Empowering Business - Organizations with IT Solutions

Domain Management

 Your domain name is the core component of your online presence—the address of a piece of online real estate that belongs only to you or your business. Choosing the right domain name and registering it are essential first steps for securing your company’s online home, but they’re not the only ones.

To stay updated and secure, a domain needs ongoing management, whether it’s a single domain owned by a new entrepreneur or part of a large portfolio of domains owned by a large corporation. Every domain name owner needs to practice some form of domain management—and a wide range of domain management services and tools can help users with tasks ranging from keeping domains updated and secure to tracking performance with sophisticated analytics.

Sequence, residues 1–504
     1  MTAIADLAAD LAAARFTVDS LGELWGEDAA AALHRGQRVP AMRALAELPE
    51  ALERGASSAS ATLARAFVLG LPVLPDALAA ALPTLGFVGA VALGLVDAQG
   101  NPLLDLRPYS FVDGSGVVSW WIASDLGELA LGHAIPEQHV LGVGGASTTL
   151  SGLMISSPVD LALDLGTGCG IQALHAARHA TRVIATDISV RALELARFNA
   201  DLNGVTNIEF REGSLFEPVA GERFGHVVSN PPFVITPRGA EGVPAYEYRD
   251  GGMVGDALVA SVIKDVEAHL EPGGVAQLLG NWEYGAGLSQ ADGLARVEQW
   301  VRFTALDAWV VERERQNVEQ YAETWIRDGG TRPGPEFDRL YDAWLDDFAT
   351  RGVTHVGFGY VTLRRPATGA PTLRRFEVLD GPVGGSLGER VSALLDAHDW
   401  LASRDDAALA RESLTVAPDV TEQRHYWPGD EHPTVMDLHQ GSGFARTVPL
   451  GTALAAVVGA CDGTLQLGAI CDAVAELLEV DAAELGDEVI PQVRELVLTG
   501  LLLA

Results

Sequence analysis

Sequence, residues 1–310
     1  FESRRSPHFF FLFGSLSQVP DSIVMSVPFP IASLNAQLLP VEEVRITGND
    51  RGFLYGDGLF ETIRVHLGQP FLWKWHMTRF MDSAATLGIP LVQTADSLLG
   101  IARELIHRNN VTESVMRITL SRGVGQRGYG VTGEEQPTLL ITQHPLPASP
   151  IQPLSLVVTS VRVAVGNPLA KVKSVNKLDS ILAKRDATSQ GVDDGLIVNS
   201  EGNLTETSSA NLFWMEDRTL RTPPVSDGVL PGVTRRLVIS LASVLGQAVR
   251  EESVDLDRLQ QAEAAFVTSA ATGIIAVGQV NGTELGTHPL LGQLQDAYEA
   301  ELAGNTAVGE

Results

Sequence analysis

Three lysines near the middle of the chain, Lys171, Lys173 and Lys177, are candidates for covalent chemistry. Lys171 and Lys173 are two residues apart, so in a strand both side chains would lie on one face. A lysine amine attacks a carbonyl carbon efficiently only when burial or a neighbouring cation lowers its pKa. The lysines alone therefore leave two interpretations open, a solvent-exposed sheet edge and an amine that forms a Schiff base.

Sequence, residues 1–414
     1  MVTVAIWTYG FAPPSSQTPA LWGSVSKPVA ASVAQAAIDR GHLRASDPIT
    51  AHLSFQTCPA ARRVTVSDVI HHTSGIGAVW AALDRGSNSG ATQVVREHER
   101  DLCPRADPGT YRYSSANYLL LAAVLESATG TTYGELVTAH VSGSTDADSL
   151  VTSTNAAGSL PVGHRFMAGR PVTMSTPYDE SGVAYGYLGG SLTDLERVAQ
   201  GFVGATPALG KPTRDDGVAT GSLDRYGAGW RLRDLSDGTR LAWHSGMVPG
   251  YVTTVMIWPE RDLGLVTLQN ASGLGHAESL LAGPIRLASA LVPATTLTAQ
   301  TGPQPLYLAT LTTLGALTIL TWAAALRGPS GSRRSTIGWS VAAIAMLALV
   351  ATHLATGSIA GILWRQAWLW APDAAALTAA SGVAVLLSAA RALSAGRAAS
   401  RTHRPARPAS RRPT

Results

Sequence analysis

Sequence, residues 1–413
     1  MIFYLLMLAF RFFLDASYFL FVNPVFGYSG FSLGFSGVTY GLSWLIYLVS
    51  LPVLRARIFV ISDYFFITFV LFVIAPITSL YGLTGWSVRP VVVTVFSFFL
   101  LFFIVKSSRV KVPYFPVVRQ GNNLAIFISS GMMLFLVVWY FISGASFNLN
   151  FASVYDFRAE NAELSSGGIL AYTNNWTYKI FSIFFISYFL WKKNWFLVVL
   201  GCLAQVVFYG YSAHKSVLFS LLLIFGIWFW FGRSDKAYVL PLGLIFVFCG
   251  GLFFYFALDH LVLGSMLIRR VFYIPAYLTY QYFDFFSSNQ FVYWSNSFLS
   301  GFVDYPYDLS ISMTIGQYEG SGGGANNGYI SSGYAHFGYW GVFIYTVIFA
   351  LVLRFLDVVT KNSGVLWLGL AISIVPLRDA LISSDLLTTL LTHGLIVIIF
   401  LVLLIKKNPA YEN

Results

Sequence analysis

Because businesses of all sizes often buy multiple related domain names with different extensions, they can end up with a large portfolio of domains, some of which may lie dormant for long periods of time or never be used at all. Others may be associated with different name servers or with hosting accounts that have varying terms of renewal. To manage a large and diverse collection of domains, corporate users may turn to domain management services, which offer a variety of service plans for tracking and maintaining all the active and inactive domains in the portfolio.

Domain management services use their own suite of domain management tools to handle domain registrations and renewals, review the portfolio and delete unused and unneeded domains, and maintain domain security. With sophisticated analytics for tracking unauthorized uses, site performance, and other key metrics, these services can work with clients to address issues and make changes to existing domains or the portfolio as a whole. While domain management services are widely used by larger businesses, they can also be a useful solution for busy domain owners running small- or medium-sized – businesses, or even individuals who don’t want to manage domains themselves